Classic Newt at Politics & Eggs
Listening to Newt Gingrich has always been like taking a drink from a fire hose, and his appearance at the New England Council’s Politics & Eggs breakfast this morning at Saint Anselm College’s Institute of Politics was no exception.
Gingrich is a master at using stories to make his point, and the former college professor and lifetime student of history took several minutes of his 28 minute speech to talk about the Wright brothers and how they invented and developed the airplane. Gingrich’s point: They didn’t seek a government grant, they just did it. Henry Ford and Bill Gates built great industries without seeking government grants. The railroads were built by the private sector without any Federal Department of Railroads.
“The economy is in recession and people are underestimating the chances of it deteriorating further,” Gingrich said, saying his theme was “jobs now.”
The debt ceiling debate “spectacle” indicates that our “political mechanisms for self-government are in trouble.” President Obama’s speech last night amounted to “grandstanding,” though Gingrich backed the President’s call for extending the payroll tax cut. “We have a president today who doesn’t learn. President Carter was a little like that,” Gingrich said. Warren Buffett, “bureaucratic socialism,” Dodd-Frank, Sarbanes-Oxley, and the EPA all came under passing criticism, and Gingrich used several minutes to critique the Obama administration’s recent raid on the Gibson Guitar facility.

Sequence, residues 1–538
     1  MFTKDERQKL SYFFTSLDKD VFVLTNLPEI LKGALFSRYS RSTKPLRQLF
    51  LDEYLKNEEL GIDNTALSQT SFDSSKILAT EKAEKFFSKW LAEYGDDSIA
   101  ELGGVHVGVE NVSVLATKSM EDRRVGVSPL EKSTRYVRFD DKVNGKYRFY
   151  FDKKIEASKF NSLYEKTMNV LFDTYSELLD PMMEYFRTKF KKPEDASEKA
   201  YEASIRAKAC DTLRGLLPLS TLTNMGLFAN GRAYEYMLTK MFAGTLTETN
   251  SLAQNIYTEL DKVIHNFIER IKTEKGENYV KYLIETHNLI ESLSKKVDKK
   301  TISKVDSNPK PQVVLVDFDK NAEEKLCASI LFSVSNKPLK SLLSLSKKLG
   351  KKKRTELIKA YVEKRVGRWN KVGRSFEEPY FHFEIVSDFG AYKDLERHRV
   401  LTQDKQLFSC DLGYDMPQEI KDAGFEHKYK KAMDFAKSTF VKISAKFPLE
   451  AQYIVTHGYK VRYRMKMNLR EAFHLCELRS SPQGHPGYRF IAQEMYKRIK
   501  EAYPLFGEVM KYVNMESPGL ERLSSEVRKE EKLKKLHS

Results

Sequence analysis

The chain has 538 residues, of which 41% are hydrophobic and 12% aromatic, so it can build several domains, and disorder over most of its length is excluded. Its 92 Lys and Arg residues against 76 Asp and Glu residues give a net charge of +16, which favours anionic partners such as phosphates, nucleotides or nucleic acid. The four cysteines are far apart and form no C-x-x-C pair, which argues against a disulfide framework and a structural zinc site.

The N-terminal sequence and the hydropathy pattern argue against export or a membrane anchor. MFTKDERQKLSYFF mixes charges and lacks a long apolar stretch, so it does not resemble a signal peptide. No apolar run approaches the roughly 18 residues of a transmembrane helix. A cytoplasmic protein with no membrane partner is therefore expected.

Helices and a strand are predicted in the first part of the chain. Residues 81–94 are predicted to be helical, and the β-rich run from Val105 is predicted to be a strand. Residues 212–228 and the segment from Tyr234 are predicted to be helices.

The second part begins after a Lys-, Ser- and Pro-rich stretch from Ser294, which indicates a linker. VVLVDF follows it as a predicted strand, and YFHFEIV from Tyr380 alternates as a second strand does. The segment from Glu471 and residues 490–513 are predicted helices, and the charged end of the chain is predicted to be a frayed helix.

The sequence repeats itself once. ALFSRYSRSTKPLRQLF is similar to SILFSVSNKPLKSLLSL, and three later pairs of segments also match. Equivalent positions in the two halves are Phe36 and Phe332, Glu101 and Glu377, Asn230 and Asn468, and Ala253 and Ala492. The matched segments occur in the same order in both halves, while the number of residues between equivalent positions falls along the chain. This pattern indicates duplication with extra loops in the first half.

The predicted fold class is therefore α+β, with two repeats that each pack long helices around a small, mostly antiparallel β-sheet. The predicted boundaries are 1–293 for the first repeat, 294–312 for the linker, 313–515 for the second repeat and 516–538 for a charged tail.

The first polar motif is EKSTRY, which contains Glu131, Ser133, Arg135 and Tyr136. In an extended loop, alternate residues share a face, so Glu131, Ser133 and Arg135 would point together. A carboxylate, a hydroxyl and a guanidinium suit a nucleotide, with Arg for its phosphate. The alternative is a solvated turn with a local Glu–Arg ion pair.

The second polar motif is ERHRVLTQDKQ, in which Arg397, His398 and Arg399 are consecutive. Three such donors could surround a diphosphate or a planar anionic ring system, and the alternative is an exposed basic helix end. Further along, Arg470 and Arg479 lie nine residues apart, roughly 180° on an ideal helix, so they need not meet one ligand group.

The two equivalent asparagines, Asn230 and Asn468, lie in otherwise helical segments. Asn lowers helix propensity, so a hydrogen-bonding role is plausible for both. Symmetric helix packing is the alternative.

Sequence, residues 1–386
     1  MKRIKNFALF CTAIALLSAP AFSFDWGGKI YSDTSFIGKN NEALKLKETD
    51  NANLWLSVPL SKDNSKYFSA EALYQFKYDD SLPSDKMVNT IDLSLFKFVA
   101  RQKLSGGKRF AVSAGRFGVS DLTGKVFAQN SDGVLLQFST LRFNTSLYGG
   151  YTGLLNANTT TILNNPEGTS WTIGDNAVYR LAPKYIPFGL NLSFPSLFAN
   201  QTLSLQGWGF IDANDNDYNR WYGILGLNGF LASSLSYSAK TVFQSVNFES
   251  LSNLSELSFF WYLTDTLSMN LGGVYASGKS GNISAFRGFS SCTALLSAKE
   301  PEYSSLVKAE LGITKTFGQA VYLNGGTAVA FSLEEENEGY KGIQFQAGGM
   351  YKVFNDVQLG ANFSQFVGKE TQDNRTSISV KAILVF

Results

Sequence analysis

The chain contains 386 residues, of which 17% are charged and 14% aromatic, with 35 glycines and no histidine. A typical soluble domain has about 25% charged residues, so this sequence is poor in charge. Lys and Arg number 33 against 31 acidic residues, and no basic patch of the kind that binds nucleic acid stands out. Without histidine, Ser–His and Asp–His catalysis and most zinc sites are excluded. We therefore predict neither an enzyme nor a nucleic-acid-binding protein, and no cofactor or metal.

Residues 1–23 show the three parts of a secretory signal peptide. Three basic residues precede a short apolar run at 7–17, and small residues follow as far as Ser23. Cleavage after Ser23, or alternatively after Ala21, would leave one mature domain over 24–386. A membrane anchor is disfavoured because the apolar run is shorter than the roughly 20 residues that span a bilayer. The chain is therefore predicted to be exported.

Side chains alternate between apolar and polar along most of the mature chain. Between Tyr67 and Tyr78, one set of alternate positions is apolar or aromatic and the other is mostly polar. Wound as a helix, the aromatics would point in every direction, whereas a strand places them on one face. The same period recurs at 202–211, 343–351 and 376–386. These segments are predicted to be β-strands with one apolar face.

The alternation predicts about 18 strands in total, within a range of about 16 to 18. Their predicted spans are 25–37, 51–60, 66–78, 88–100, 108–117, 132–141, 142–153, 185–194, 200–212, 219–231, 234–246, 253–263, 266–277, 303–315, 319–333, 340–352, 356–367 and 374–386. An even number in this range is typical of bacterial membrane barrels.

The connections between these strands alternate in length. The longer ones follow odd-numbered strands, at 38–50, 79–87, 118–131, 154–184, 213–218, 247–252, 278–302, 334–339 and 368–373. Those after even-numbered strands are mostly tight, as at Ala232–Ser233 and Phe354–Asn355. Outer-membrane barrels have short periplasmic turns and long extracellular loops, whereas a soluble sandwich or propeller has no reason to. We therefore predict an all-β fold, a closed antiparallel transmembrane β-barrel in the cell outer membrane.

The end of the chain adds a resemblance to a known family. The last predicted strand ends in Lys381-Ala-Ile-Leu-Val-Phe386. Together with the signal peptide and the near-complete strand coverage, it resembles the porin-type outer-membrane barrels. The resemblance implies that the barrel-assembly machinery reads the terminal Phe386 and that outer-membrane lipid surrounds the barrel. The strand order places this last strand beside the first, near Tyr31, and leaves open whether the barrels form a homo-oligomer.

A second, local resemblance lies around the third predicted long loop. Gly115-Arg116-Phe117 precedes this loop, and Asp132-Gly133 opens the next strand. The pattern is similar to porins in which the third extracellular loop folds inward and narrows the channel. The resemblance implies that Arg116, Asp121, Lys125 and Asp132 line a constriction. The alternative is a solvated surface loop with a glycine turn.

After concluding his wide-ranging 28 minute address, Gingrich took 12 minutes to answer two questions. The first was from a student who asked Gingrich to expand on his debate comments the other night about the media. Gingrich complained that the media is in a rush to make it a two-person race and that the early questions were clearly “designed to start a fight.” He said, “The country is sick of the game.”
The second, from business leader Fred Kocher, was about how Washington has changed. Gingrich again turned to a story, talking about how American Express uses sophisticating techniques and computers to avoid making fraudulent payments, tactics Medicaid and other welfare programs should also use.
Gingrich concluded by talking about he asks people to be “with” him instead of “for” him, seeking involvement over the long haul. “If you think one person can change Washington, then you’re as delusional as Obama.”
Gingrich had a certain detachment about him this morning. He happily autographed wooden eggs people brought to him, but otherwise he did not seek people out or campaign aggressively. The audience of 80 people was mostly business people and people associated with the college, and was a little thin on likely primary voters.
email@example.com, September 9, 2011